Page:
The last parameter is the string message to be printed.
Functions warning, error and information are using cecho to print in color.
These three functions always print a new line and they have hardcoded one color set for each.

Example


#Get the name of the script currently being executed

scriptName=$(basename $(test -L "$0" && readlink "$0" || echo "$0"));

#Get the directory where the script currently being executed resides

scriptDirDIR=$(cd $(dirname "$0") && pwd);

#Print in blue color with no new line

cecho -n -c 'blue' "$scriptDir";

#Print in red color with a new line following the message

cecho -c 'red' "$scriptName";

#Using the information() function to print in blue followed by a new line

information ‘End of script’;


Activate a wireless hotspot on Windows 10 1

Requirements

  • You must be an administrator of the machine to complete this guide.
  • You need to have at least two network devices.
  • One of them needs to have access to the internet and the other one needs to be a WiFi adapter which has Hosted Network support.

To check if your wireless adapter supports the functionality for Hosted Network, open a Command Prompt and type NETSH WLAN show drivers.

To open the Command Prompt, press the buttons Windows+R on your keyboard.
A new run command prompt will appear.
Type in the input box cmd and hit the Enter button.

In the new Command Prompt type NETSH WLAN show drivers, the results should be similar to below.

C:\Users\bytefreaks>NETSH WLAN show drivers
 
Interface name: Wi-Fi
 
    Driver                    : Realtek RTL8188CU Wireless LAN 802.11n USB 2.0 Network Adapter
    Vendor                    : Realtek Semiconductor Corp.
    Provider                  : Realtek Semiconductor Corp.
    Date                      : 3/4/2016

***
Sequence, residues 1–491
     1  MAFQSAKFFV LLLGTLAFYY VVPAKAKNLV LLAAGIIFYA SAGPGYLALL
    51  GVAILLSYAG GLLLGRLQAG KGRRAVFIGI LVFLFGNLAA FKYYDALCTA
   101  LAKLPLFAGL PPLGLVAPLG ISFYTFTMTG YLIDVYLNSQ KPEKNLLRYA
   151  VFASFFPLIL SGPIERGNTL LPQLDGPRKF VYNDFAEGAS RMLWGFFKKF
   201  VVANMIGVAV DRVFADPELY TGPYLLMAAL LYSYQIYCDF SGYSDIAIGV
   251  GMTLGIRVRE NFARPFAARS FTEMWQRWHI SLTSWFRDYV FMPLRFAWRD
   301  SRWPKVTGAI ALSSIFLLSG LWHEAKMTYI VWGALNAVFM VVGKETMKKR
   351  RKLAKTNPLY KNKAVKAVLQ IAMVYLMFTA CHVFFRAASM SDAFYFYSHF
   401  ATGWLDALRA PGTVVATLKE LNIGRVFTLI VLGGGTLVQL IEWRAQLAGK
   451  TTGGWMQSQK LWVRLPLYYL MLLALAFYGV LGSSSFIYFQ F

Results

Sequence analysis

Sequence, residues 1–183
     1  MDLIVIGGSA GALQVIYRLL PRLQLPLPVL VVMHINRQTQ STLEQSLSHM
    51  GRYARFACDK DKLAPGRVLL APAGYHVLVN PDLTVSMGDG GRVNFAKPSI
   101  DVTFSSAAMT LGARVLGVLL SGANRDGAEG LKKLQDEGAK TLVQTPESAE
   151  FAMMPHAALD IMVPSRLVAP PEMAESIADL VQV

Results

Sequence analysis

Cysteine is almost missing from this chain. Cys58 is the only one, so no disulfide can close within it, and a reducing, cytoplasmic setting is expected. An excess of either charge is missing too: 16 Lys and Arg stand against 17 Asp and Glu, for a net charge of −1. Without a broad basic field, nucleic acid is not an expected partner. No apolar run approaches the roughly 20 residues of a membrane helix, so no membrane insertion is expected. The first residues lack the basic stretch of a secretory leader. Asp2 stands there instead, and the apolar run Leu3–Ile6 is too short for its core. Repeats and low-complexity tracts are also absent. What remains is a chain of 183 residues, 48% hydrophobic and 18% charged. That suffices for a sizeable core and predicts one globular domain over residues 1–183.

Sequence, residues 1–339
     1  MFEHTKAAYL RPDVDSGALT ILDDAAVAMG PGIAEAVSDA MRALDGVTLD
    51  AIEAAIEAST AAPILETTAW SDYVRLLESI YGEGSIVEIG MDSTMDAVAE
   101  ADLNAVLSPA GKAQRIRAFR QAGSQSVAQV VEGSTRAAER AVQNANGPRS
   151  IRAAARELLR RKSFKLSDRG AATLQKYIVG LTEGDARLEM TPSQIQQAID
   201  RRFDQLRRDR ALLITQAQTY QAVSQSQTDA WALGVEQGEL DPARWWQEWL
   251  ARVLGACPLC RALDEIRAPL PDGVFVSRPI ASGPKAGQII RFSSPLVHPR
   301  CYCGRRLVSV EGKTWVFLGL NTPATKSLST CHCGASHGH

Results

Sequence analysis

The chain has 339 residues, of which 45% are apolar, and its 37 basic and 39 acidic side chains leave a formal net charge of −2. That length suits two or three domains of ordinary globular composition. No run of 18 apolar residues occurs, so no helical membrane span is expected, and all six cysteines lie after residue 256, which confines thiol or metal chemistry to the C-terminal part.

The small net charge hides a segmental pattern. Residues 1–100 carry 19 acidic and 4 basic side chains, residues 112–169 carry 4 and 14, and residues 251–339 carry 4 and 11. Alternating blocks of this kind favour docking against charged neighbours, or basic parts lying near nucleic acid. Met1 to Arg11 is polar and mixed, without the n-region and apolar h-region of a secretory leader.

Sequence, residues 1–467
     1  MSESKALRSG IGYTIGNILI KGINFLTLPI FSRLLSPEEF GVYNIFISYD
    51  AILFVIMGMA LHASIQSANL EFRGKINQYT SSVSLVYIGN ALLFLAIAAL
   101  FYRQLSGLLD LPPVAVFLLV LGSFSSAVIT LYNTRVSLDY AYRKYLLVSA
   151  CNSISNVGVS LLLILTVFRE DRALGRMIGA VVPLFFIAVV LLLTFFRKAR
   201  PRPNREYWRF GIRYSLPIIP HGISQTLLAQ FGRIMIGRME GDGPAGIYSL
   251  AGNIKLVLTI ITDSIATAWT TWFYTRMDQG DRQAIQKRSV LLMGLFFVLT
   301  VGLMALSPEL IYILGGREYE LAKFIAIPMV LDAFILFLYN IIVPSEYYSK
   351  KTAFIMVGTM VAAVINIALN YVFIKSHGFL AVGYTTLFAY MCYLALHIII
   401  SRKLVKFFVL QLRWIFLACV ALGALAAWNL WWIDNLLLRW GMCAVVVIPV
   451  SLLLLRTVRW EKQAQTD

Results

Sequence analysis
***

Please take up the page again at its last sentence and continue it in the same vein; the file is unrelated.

Version                   : 1027.4.630.2015
    INF file                  : ????
    Type                      : Native Wi-Fi Driver
    Radio types supported     : 802.11n 802.11b 802.11g
    FIPS 140-2 mode supported : Yes
    802.11w Management Frame Protection supported : Yes
    Hosted network supported  : Yes
    Authentication and cipher supported in infrastructure mode:
                                Open            None
                                WPA2-Personal   CCMP
                                Open            WEP-40bit
                                Open            WEP-104bit
                                Open            WEP
                                WPA-Enterprise  TKIP
                                WPA-Personal    TKIP
                                WPA2-Enterprise TKIP
                                WPA2-Personal   TKIP
                                WPA-Enterprise  CCMP
                                WPA-Personal    CCMP
                                WPA2-Enterprise CCMP
                                Vendor defined  TKIP
                                Vendor defined  CCMP
                                Vendor defined  Vendor defined
                                Vendor defined  Vendor defined